“She is my hero and represents the power we have as a people.”
Edgardo Miranda-Rodriguez, a self-described artsy nerd from the South Bronx, never imagined that the Afro-Puerto Rican pacifist character he first self-published only a little more than a year ago would emerge as one of the comic book world’s most realistic feminist super-heroes. La Borinqueña officially debuted at New York City’s Puerto Rican Day Parade in June 2016. Since then, both the character and the comic book have become something bigger and more meaningful than their creator could have dreamed, especially as Puerto Rico weathers two onslaughts from Hurricanes Irma and Maria, school closings, and an economic crisis.
“The mainstream publishing and comic book industry, after decades, is finally recognizing the power of people of color. An audience that they [producers and studios] think doesn’t go to movies, but then ‘Wonder Woman’ kills it in the box office, they’re like, ‘Oh, shit, we better get more women superheroes,”’ Miranda-Rodriguez says. Now 47, he says he’s been reading comic books since he was 7 years old.
He started buying them using money he made from collecting bottles and cans. Even though, he says, none of the characters represented his culture, looked like him, or were ever on the cover of the books.
Edgardo Miranda-Rodriguez. Photo by Kyung Jeon Miranda.
“La Borinqueña was initially created because I was upset about the humanitarian issues surrounding Puerto Rico — from the economy to the environmental issues that continue to affect the island. I thought maybe if I create this superhero, she can be a conduit to connect Puerto Rico with the rest of the world,” Miranda-Rodriguez says.
La Borinqueña’s story is that she’s a Columbia University student named Marisol Rios De La Luz. She studies environmental science and has an interest in activism. While on a trip to Puerto Rico to visit family, a Taino goddess, Atabey, and her twin sons grant her superpowers of flight and the ability to harness weather. Miranda-Rodriguez says the character initially looks at her visit home to Puerto Rico as an extension of her thesis, but she ends up discovering the damage gentrification has on the environment and the people living on the island, and it inspires her to come to its aid.
Named after Puerto Rico’s anthem, La Borinqueña uses her superhuman powers to control the weather and to protect people, animals, and the island from supernatural dangers — as only a pacifist superhero can.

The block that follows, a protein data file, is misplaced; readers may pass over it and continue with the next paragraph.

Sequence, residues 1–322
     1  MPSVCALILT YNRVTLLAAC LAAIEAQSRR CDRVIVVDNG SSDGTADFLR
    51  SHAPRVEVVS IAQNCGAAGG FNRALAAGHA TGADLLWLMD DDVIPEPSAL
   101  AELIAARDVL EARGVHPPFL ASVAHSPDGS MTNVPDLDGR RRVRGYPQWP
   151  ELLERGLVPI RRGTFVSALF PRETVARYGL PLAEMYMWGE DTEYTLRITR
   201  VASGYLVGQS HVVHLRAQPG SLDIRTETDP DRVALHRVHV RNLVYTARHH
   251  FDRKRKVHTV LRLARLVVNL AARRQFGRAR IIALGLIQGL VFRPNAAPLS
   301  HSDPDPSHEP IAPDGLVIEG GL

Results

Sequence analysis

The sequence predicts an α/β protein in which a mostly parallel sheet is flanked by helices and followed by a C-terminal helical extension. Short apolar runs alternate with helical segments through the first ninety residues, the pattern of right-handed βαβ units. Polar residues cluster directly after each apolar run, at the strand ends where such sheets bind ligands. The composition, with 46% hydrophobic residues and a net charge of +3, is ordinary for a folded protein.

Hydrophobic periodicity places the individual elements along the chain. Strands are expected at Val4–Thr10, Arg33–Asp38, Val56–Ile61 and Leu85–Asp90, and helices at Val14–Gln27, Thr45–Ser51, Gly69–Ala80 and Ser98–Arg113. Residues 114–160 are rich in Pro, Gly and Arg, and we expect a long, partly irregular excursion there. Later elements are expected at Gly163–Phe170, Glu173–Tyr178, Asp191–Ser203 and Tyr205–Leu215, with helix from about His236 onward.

“She’s meant to unite and bring people together. The women in my life didn’t resort to violence to make change happen. If she did anything other than that, she’d be perceived as weapon of mass destruction, a terrorist. She’d be considered a threat, like the nationalist movement has always been perceived in Puerto Rico,” he says.
La Borinqueña is intentionally drawn as an Afro-Latina beauty with chocolate skin, an average body size, and a mane of ebony curls. Miranda-Rodriguez says her looks have resonated with women readers.
Excerpt from Issue 1.
“I want to celebrate diversity within the Puerto Rican community, and there’s been an outpouring of support. I felt for too long there’s been a negative portrayal of our African culture, with too many anti-black messages. This character is my attempt to undo a lot of that … [down to] the way I had her drawn by my artists as a full-figured woman, versus a character who’s over six feet tall with a size six waist. There’s an underrepresentation of women drawn with realistic proportions, particularly in comic books,” Miranda-Rodriguez says.
[quote position="right" is_quote="true"]She’s meant to unite and bring people together. The women in my life didn’t resort to violence to make change happen.[/quote]
As for the character being a woman, Miranda-Rodriguez says it’s been the women in his life who’ve saved him and mentored him. “When I think of Puerto Rico, she’s always been a woman to me,” he says.
Miranda-Rodriguez also writes for Marvel Comics and is the founder of Somos Arte (“We are art”), located in Williamsburg, Brooklyn. He’s the editor-in-chief of DMC Comics, the imprint started by Run DMC’s Darryl McDaniels.
He says his hope for La Borinqueña is that she continues to open a portal connecting the world with what’s happening in Puerto Rico and that more and more readers will relate to her story.
“Mainstream media doesn’t think there’s universality in a woman of color’s story. We [people of color] find universal traits in every narrative we read, even when they don’t look like us or represent us. We are drawn to La Borinqueña, and we finally have a character who looks like us. Just as so many readers relate to the narrative of a young English boy studying wizardry, she is my hero and represents the power we have as a people,” he says.
Miranda-Rodriguez’s second “La Borinqueña” comic book is due out in December.